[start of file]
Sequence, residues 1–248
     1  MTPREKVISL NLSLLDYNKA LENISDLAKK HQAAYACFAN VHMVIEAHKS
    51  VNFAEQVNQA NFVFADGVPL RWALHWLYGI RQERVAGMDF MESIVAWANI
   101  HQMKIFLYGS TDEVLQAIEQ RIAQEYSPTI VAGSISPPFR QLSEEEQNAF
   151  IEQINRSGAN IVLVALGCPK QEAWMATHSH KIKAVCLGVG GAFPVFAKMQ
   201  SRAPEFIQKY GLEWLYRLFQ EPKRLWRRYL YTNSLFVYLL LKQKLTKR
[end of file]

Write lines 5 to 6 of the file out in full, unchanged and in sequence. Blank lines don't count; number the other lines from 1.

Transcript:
   151  IEQINRSGAN IVLVALGCPK QEAWMATHSH KIKAVCLGVG GAFPVFAKMQ
   201  SRAPEFIQKY GLEWLYRLFQ EPKRLWRRYL YTNSLFVYLL LKQKLTKR